Not sure at this point if it can be done. But if you can help that would be awesome. Png is currently 48mb and it is the correct size for printing set as well as resolution at 300 dpi. i cannot make the size smaller or the reduce resolution, so is there a way to compress this file. I see lots of compression programs but none seem to be capable of handling such a large file. Thanks for any help.

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    You don't mention print size nor pixel dimensions. It would be nice to know why 48mb is too big, because...it ought not be. Also, the half-tone line-screen resolution. If you are printing at 133 lpi, then you can probably reduce the image such that 266ppi is enough.
    – Yorik
    Jun 9, 2017 at 20:56
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    Can you post the first few lines of output from pngcheck -v file.png which might give some clues (bit depth, color type, etc.). By the way, my "pngcrush" program doesn't have any filesize limit, although it might take a long time to compress your file. Jun 9, 2017 at 21:13

1 Answer 1


PNG isn't a proper format for printing and generally does not contain any ppi flag. In addition, I don't believe PNG supports CMYK color.

If anything, a jpg may be more appropriate. If not tiff.

All those "compression programs" are designed for web images, because that's what the PNG format is for. They aren't geared for print images.

For print, file size (kb) is traditionally never anything to be concerned with. I mean that literally. When dealing with print images, you get the quality and color correct then save and don't even bother looking at file size. Concerning yourself with files size just means you will reduce the quality of the image.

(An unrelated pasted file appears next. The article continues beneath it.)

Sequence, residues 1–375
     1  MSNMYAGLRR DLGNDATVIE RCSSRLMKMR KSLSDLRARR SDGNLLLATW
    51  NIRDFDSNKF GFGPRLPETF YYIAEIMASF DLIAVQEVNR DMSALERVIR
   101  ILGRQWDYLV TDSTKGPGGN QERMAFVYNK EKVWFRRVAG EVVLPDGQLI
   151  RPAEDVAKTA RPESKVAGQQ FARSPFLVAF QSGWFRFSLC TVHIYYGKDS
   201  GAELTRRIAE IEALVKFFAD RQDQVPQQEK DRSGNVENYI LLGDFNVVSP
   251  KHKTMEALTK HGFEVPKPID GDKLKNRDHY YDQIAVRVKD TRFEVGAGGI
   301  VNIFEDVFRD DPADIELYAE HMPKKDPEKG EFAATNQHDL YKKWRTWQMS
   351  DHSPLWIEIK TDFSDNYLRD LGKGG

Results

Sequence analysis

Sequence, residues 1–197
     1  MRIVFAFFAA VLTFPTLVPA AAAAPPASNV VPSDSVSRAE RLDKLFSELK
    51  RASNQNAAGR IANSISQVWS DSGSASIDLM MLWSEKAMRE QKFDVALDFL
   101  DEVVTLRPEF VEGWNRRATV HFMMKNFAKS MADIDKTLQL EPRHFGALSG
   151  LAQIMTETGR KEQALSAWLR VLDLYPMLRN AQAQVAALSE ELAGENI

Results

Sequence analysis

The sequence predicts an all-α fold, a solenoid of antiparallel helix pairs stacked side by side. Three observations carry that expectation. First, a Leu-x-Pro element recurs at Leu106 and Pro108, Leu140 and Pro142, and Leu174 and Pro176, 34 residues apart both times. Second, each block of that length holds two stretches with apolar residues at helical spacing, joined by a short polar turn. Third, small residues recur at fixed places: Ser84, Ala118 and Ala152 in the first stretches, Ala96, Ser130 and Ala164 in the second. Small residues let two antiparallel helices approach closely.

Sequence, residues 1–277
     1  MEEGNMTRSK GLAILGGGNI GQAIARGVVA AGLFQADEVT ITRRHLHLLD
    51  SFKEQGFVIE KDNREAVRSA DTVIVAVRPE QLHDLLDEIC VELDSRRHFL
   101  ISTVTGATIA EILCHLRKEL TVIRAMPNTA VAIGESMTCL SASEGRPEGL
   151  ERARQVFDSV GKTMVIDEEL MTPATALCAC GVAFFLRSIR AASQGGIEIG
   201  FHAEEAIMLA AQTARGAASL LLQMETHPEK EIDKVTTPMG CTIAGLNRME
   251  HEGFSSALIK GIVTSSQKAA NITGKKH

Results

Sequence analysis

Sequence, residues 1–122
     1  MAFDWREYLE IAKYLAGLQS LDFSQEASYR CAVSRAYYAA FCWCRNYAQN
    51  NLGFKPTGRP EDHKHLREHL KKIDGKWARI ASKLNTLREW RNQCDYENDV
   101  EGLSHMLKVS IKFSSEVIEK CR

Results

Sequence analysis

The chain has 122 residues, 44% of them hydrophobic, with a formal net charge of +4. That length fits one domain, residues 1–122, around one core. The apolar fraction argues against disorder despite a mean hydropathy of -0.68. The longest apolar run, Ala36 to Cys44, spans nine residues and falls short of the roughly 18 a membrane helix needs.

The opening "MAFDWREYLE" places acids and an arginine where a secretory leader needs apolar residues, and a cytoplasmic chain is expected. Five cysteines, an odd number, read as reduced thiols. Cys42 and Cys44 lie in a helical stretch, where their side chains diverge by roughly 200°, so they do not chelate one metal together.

Make certain the file is in CMYK mode and 300ppi. The save your image as a jpg with the quality set to 12. Don't use Save for Web or Export commands.. just Save As. Chances are the file size will be much smaller.

Ideally, you would save the file as a .tif and provide that a printer. However, there are some instances where providing high resolution jpgs are acceptable. I have yet to see any printer accept direct png files for reproduction.

  • If the image has transparency (one reason for using PNG over JPG), a TIFF file would definitely be much better than a JPG. Hi-res JPGs are usually accepted, but saving as a TIFF image straight off the bat will almost certainly be better—except the file size, but like you I can't see any reason why the image has to be less than 25 MB to begin with. Jun 10, 2017 at 10:53
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    Well, for print... there's no such thing as transparency.. so......
    – Scott
    Jun 10, 2017 at 13:31
  • Not in the final imposition, no; but if the image is to be overlaid on top of something else, or perhaps placed on a page with a non-white background colour, any transparent areas in the PNG that became solid whites by saving as a JPG would end up looking rather different than the original. There's no information in the question of how the image is to be printed, after all. Jun 10, 2017 at 13:37
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    Agreed, but you do realize that white means nothing, literally, on press.
    – Scott
    Jun 10, 2017 at 13:48

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